Macron criticised over push for EU army by Italian MEP
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A German MEP will file a lawsuit at the country’s Federal Constitutional Court, challenging the legality of the £6.9 billion European Defence Fund. Ozlem Demirel, of The Left group in the European Parliament, will argue that the cash pot is in breach of the EU’s governing treaties. She said: “The EDF is clearly not only a breach of the EU treaties but is a fundamental violation of the so-called EU peace project that will only benefit the arms industry.
“Throwing billions into the arms industry is politically wrong, not least because this money could be used to tackle the economic, ecological and social crisis. Instead, we’re developing equipment to fuel violence and war.”
Ms Demirel will argue that there is a “lack of transparency and lack of oversight by Parliament” across several stages of the fund.
Worth around £6.9 billion, the EDF is designed to be the EU’s first attempt at large-scale funding into military projects directly from the bloc’s budget.
It could aid the design and manufacture of dangerous new weapons systems, such as AI-supported armaments, future combat air systems and even a Eurodrone, according to Ms Demirel.
The German believes the EDF was introduced to “circumvent Article 41(2) of the Treaty on the European Union”.
The clause is meant to prohibit “expenditure arising from operations having military or defence implications” from the EU budget.
Ms Demirel will argue that the European Commission has developed the EDF as a “trick” by earmarking funds for promoting competition and industrial policy.
In 2018, The Left’s predecessor party – GUE/NGL – released an expert legal opinion of the EDF, which claims the fund is a “manifest violation” of the EU’s treaties.
Professor-Doctor Andreas Fischer-Lescano, of the University of Bremen, claimed the European Commission’s defence of the war chest “do not constitute a sufficient legal basis for the establishment of the European Defence Fund”.
He added: “Since the establishment of the EDF evidently violates key competence provisions in EU law and thereby the principle of conferral of powers in Article 23 of the Basic Law, the Federal Constitutional Court can also be seized with an ultra vires objection by way of a dispute between organs of the state or a constitutional complaint.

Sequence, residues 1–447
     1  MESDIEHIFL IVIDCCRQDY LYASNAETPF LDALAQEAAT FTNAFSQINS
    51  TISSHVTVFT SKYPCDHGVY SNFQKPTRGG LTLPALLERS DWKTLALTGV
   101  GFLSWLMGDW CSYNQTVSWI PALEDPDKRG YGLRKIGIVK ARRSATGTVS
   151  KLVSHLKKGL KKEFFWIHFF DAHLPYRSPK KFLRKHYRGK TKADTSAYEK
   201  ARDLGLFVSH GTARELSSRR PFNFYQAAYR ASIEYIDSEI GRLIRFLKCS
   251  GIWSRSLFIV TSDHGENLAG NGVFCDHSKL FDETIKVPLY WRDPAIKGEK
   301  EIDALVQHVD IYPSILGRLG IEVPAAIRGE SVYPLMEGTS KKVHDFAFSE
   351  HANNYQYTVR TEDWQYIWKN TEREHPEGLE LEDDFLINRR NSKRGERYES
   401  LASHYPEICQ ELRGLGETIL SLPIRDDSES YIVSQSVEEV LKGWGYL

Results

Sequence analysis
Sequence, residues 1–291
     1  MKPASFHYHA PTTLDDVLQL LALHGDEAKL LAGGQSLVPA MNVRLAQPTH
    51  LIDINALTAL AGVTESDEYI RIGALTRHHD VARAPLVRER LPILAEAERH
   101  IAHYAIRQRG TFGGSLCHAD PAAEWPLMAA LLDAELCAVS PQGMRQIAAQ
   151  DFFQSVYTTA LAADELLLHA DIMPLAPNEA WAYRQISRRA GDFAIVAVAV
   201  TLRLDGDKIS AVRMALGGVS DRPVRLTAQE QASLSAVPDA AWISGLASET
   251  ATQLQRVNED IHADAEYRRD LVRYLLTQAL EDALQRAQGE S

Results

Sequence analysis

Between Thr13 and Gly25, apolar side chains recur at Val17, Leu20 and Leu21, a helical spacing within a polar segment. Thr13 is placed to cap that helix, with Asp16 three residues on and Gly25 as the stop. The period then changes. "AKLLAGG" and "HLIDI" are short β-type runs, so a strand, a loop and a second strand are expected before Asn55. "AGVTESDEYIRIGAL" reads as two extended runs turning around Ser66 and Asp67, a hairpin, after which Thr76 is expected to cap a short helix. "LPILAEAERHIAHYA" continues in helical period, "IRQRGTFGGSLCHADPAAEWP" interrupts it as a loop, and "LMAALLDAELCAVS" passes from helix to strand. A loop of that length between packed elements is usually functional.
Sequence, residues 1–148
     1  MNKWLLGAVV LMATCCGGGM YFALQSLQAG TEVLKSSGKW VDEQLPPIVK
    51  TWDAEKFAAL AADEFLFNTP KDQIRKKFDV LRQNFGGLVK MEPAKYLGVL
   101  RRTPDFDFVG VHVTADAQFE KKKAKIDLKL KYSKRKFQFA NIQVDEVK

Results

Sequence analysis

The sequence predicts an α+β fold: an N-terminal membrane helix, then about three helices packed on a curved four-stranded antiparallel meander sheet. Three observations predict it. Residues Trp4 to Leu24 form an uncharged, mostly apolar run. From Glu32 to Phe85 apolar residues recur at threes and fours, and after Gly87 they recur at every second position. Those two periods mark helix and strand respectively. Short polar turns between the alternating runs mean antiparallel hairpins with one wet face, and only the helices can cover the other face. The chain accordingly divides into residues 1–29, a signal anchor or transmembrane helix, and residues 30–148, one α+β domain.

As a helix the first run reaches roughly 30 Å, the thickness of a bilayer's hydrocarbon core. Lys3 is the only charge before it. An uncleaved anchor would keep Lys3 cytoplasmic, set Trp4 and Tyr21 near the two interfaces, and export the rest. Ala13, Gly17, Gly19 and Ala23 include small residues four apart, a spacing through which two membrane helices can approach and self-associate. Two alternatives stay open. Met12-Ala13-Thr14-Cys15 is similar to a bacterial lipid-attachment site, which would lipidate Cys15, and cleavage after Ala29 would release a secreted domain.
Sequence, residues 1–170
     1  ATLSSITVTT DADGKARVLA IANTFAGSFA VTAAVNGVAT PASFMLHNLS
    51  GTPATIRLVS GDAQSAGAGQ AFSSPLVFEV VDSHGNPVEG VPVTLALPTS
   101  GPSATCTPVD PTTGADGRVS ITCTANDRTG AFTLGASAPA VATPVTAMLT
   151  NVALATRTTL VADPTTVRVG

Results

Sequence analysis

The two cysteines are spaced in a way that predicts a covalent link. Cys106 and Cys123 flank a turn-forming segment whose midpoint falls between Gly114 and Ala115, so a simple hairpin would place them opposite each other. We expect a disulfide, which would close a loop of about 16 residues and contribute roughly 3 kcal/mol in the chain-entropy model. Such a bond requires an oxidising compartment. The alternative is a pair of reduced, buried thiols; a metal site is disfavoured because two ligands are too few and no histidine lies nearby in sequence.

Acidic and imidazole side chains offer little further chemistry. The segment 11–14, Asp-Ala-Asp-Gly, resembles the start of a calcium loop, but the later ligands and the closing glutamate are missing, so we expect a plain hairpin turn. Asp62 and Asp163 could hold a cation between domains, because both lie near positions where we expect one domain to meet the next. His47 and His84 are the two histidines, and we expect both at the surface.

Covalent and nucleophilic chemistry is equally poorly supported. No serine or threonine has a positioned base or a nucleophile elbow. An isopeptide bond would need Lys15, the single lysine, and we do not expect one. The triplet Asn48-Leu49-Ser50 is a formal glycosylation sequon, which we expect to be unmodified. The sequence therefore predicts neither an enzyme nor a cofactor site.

“Summary proceedings are also possible before the Federal Constitutional Court, aiming at obliging the German representation in the Council to reject the proposal for a regulation and to take further measures against the establishment of an EDF.”
The EU, supported by France and Germany, has long wanted to bolster its powers abroad.
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The idea is to increase the bloc’s economic and diplomatic influence with a dose of “hard power”.
Supporters say 27 militaries operating separately is inefficient and measures should to introduced to benefit the European arms industry by providing research and development funds and new outlets for arms sales overseas.
German MEP Michael Gahler told the Guardian last month: “The challenges are coming closer and they are getting more diverse, especially in areas where the Americans tell Europeans: ‘Hey! Care for your own back yard’.”
EU military research began in 2014, when the Parliament approved a £1.2 million pilot project.
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This paved the way for a host of other experiments, including the EU providing more than £430 million to military research projects between 2017 and 2020.
Investments were made in quantum technologies, artificial intelligence, “directed energy” weapons, “adaptive camouflage” and “real-time cyber threat hunting”.
The European Commission hopes the EU’s defence fund could be used to help develop drone technologies, “ground-based precision striking capabilities” and a new generation of ground, air and naval combat platforms.
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